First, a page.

Even if your resumé is beautifully put together, it makes sense to tailor it to each specific job you’re applying for. Job adverts tend to give a lot away about what each company is looking for. It therefore makes sense to ensure that the skills and attributes you highlight are a perfect match.
As I said earlier, I have personal experience of this. When I worked in IT recruitment, there wasn’t a single consultant in my office (me aside) who had any real IT knowledge. They didn’t know CRM from ERP, or Linux from Windows Server! As such, much of the job relied on using “the database” to search for the right keywords within the resumés of thousands of candidates who had applied.
(I feel I should add a caveat here, and say that there are, of course, people in parts of the executive recruitment business that work in a far more focussed way than I describe. Not all recruitment consultants are mere “database searchers!”)
Obviously time and technology has moved on. But speaking realistically, things have actually become far MORE automated. It’s not necessarily going to be a person who pulls you out as a suitable match for your dream job – it could well be an Applicant Tracking System (ATS) doing most of the heavy-lifting.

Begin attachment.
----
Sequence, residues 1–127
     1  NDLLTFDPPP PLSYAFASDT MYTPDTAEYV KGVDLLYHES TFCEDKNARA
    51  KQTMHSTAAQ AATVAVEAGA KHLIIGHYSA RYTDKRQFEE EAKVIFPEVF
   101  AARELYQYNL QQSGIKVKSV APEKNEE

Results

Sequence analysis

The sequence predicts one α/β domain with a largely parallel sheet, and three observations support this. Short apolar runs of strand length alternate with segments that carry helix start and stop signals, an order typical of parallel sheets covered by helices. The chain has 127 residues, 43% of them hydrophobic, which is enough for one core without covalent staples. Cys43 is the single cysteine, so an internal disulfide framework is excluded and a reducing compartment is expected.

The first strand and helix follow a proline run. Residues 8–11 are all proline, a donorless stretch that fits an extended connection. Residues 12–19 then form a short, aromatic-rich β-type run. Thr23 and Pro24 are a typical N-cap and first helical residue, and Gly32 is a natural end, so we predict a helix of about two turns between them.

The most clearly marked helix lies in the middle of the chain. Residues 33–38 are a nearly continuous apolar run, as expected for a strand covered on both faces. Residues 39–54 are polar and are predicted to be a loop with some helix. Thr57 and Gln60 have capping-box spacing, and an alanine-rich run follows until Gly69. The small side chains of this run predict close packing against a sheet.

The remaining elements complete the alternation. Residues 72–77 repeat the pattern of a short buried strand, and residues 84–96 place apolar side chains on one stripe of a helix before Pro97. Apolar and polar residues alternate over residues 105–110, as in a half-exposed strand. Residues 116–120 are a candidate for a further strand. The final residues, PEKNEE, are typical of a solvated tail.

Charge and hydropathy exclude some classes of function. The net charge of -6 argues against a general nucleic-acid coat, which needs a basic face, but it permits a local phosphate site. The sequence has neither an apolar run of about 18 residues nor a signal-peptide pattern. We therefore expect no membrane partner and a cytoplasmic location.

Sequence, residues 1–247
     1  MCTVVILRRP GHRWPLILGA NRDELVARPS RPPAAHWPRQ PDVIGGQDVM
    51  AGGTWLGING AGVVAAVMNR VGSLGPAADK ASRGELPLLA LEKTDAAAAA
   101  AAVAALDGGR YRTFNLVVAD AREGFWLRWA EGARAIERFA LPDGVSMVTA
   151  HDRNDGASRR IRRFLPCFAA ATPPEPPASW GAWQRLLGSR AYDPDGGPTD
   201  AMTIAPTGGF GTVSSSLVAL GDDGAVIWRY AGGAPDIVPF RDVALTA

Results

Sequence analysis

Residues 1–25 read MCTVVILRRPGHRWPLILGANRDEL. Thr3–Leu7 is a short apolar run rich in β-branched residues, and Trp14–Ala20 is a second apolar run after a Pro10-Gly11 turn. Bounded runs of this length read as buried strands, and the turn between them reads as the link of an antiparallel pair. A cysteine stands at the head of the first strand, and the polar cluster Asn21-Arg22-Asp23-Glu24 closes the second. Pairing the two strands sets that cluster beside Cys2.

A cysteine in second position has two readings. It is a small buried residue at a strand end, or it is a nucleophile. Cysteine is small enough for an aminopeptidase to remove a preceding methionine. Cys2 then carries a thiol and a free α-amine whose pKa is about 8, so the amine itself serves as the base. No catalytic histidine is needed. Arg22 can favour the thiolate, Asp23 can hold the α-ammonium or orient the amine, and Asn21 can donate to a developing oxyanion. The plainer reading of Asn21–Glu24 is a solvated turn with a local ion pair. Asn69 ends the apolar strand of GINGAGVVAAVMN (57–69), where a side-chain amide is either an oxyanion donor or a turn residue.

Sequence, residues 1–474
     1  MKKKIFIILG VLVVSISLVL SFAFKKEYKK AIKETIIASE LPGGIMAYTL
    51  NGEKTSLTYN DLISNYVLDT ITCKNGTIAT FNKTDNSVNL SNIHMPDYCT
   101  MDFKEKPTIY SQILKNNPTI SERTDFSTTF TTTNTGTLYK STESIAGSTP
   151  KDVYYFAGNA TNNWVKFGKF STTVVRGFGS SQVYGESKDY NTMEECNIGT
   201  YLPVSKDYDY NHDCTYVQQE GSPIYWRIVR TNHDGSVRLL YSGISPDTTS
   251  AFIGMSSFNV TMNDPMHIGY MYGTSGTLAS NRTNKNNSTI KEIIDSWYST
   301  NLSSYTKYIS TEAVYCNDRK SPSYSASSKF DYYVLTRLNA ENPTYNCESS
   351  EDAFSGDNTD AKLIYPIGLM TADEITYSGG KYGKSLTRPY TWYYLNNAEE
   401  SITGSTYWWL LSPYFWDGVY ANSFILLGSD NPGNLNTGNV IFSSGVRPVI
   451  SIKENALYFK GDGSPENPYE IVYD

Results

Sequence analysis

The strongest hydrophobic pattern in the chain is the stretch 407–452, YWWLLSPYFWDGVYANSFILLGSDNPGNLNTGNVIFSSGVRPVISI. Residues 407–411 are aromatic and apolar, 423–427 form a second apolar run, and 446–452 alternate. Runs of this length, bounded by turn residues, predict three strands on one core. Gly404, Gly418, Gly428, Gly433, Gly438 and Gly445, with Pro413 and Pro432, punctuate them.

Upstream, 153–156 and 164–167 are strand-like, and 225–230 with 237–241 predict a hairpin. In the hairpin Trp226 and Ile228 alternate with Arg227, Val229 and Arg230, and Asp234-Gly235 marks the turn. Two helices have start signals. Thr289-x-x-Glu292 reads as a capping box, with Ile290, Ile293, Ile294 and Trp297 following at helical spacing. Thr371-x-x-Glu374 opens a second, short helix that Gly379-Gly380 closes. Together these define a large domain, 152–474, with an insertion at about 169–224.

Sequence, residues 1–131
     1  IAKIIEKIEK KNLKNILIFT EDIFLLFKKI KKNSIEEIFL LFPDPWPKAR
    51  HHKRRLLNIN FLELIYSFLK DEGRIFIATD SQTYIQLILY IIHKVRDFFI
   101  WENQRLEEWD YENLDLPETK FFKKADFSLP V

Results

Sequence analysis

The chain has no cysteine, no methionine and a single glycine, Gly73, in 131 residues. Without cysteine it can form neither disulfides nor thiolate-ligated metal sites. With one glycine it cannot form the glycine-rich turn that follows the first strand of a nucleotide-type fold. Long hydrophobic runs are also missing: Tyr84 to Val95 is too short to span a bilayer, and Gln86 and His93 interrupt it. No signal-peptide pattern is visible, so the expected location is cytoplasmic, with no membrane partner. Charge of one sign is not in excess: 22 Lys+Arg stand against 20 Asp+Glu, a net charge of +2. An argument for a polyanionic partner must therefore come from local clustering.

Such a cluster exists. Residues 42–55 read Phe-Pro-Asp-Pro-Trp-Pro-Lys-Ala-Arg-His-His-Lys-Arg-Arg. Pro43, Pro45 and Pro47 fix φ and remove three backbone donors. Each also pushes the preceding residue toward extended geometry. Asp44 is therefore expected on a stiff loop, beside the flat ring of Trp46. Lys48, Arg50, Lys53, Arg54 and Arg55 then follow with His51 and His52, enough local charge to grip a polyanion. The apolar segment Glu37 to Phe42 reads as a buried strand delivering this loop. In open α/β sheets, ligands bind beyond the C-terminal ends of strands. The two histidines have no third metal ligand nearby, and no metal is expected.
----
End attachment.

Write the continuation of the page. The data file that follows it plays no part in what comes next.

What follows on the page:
And just in case you think this all sounds futuristic and / or unrealistic, it’s really not. According to Jobscan, 98% of Fortune 500 companies use these systems as part of their recruitment processes.
How Much Does Jobscan Cost?
Jobscan has a limited free plan, and both monthly and three-monthly paid plans, with the cheapest working out to just under $30 per month.
The exact prices are as follows:
- The One Month Free plan costs $89.95 for three months.
- The Monthly plan costs $49.95 per month.
There are also separate custom plans available for career coaches who wish to use Jobscan as a tool for their clients.
The free plan, unsurprisingly, has limited functionality, but is in fact rather useful. You still get a resumé manager, access to lots of advice and info in the “learning center,” and five monthly comparison scans.